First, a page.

The motor control of the lower esophageal sphincter (LES) is critical for normal swallowing and emesis, as well as for the prevention of gastroesophageal reflux. However, there are surprisingly few data on the central organization and neurochemistry of LES-projecting preganglionic neurons. There are no such data in ferrets, which are increasingly being used to study LES relaxation. Therefore, we determined the location of preganglionic neurons innervating the ferret LES, with special attention to their relationship with gastric fundus-projecting neurons. The neurochemistry of LES-projecting neurons was also investigated using two markers of "nontraditional" neurotransmitters in vagal preganglionic neurons, nitric oxide synthase (NOS), and dopamine (tyrosine hydroxylase: TH). Injection of cholera toxin B subunit (CTB)-horseradish peroxidase (HRP) into the muscular wall of the LES-labeled profiles throughout the rostrocaudal extent of the dorsal motor nucleus of the vagus (DMN) The relative numbers of profiles in three regions of the DMN from caudal to rostral are, 43 +/- 5, 67 +/- 11, and 113 +/- 30). A similar rostrocaudal distribution occurred after injection into the gastric fundus. When CTB conjugated with different fluorescent tags was injected into the LES and fundus both labels were noted in 56 +/- 3% of LES-labeled profiles overall. This finding suggests an extensive coinnervation of both regions by vagal motor neurons. There were significantly fewer LES-labeled profiles that innervated the antrum (16 +/- 9%). In the rostral DMN, 15 +/- 4% of LES-projecting neurons also contained NADPH-diaphorase activity; however, TH immunoreactivity was never identified in LES-projecting neurons. This finding suggests that NO, but not catecholamine (probably dopamine), is synthesized by a population of LES-projecting neurons. We conclude that there are striking similarities between LES- and fundic-projecting preganglionic neurons in terms of their organization in the DMN, presence of NOS activity and absence of TH immunoreactivity. Coinnervation of the LES and gastric fundus is logical, because the LES has similar functions to the fundus, which relaxes to accommodate food during ingestion and preceding emesis, but has quite different functions from the antrum, which provides mixing and propulsion of contents for gastric emptying. The presence of NOS in some LES-projecting neurons may contribute to LES relaxation, as it does in the case of fundic relaxation. The neurologic linkage of vagal fundic and LES relaxation may have clinical relevance, because it helps explain why motor disorders of the LES and fundus frequently occur together.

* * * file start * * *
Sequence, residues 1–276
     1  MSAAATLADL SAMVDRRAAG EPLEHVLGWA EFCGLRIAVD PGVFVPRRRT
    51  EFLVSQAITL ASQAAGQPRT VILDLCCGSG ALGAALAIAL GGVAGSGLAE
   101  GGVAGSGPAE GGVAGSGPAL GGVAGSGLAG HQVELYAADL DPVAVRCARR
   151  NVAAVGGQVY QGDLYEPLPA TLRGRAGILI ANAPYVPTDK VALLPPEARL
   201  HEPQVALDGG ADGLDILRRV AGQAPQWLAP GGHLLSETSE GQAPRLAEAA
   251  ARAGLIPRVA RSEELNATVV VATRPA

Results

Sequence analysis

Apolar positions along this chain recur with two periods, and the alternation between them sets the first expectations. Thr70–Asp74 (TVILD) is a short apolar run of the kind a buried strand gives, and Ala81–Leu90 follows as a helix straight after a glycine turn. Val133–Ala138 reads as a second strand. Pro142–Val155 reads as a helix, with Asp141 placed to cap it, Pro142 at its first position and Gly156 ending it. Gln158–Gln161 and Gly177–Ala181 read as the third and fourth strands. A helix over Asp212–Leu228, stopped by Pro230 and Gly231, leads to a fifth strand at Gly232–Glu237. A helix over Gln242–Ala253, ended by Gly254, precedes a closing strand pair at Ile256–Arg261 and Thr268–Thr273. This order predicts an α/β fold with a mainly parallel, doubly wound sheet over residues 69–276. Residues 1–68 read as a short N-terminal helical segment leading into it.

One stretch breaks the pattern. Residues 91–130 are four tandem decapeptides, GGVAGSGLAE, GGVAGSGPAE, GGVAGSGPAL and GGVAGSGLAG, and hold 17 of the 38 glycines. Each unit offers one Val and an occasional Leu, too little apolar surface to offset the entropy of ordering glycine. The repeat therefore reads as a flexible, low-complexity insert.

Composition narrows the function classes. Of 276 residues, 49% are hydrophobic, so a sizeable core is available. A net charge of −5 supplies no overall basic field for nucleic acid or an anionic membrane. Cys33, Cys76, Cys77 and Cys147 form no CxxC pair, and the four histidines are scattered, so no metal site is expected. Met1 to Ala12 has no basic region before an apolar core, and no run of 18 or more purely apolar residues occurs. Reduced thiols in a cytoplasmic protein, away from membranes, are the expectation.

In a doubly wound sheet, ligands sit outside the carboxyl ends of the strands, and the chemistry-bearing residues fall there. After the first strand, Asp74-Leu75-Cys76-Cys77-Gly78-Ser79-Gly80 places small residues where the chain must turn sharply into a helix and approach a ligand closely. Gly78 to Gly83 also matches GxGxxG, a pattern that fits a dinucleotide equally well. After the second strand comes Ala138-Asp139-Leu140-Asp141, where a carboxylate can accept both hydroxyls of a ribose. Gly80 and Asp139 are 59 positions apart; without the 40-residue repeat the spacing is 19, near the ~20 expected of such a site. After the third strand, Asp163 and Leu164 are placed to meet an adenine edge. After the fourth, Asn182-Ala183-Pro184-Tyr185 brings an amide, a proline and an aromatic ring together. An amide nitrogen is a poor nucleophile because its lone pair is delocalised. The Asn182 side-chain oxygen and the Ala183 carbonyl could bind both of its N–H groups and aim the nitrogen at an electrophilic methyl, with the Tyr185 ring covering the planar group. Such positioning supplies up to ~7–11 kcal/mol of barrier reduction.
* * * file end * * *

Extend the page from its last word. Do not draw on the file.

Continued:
Copyright 2001 Wiley-Liss, Inc.